I started working out when I was a kid. I didn’t call it “working out” then and there was no NFL Play 60 initiative to encourage physical activity for children. (Side bar: this program seems to be the only thing the NFL “gives back”. How can I start a nonprofit like the NFL?) There was a presidential fitness challenge in gym glass and I earned a gold star every year. I climbed trees as well as played 500 and flag football at recess. I made up my own adventure races before they were cool.
The first few years of college I didn’t have exercise built into my schedule because for the first time ever I didn’t play an organized sport. Scratch that, I played rugby, but sometimes we had practice at the bar. We had lots of songs to learn. I gained weight and felt sluggish. I remember the day that I found an item I really wanted at the college bookstore. I think it was a college logo vest (don’t judge it was super cool in the 90s). I made a deal with myself that if I worked out two days a week I could buy it at the end of the semester. To earn my vest I went rollerblading when it was nice outside. I played racquetball with a friend (who was also a junior Iowa champion). I even beat her once. I told everyone who would listen at dinner that evening that I won at racquetball. I started doing exercises to support my knees so I didn’t have to wear knee braces anymore. I threw away my inhaler because getting refills was complicated without a car in small town USA (probably not the best decision, but it worked for me).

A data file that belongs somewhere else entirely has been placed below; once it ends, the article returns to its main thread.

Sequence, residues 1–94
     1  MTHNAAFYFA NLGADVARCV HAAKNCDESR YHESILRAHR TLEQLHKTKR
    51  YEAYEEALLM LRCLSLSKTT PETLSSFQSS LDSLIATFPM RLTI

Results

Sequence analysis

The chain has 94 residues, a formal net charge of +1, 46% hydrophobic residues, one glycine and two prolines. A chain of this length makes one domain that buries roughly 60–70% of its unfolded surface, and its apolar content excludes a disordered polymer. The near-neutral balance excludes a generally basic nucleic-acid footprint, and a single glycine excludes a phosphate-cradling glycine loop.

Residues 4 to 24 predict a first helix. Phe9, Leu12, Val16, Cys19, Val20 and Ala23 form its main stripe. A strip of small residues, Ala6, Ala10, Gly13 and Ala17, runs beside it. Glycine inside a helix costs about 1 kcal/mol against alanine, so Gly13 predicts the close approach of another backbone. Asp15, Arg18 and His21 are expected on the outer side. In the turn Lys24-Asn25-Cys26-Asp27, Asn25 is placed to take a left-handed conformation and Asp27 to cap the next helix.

When I graduated from college I was a stronger and more fit adult. I started working at the local YWCA and I got a serious discount on a membership. I had no excuses not to work out and no knowledge of working out in a gym setting. I was afraid to try group classes and mainly used weight machines….but only the ones that looked easy.
I decided to apply to the fire department and I really stepped up my game. I was so skinny and what I thought had been fit previously was not going to get me where I wanted to be. I started taking supplements and lifting weights. I started going to the gym every day and alternating leg and arm days. On arm days I did all the arm machines and on leg day all the leg machines. Ouch. (Again don’t follow my lead here). I started going to classes to challenge myself with other people. I started running. I ran 5 half marathons one summer. Ouch.
I know a bit more about fitness and health now. I find workouts online so I don’t get bored. I go to yoga and spin classes. When I’m busy I do high intensity interval training and I still run (only one half marathon per year). I try to limit myself to one dessert a day (my sister taught me that one – it’s a challenge for me). Instead of my CD player on a waist belt I rely on my phone (ironically I put it in a waist belt too) to provide motivational music.
After having a baby roughly 2 months ago I’m back in all my regular clothes. I weigh the same as I did before I got pregnant. I don’t say this to brag, but just to put out there that it is possible. I don’t have any secret. I work hard. I gained over 45 pounds with him, but I did go to the gym about 5 days a week until the very last week I was pregnant. I walked at least 10,000 steps and did bodyweight squats and lunges. I found pregnancy workouts online.
But still the hardest thing for me to do is show up. There are days when I don’t get to the gym until 7pm or later. I make plans to go running and instead it rains. Yesterday I couldn’t find my phone and therefore music AND forgot my socks. I did my workout anyway. That’s what it takes. Just show up and do it!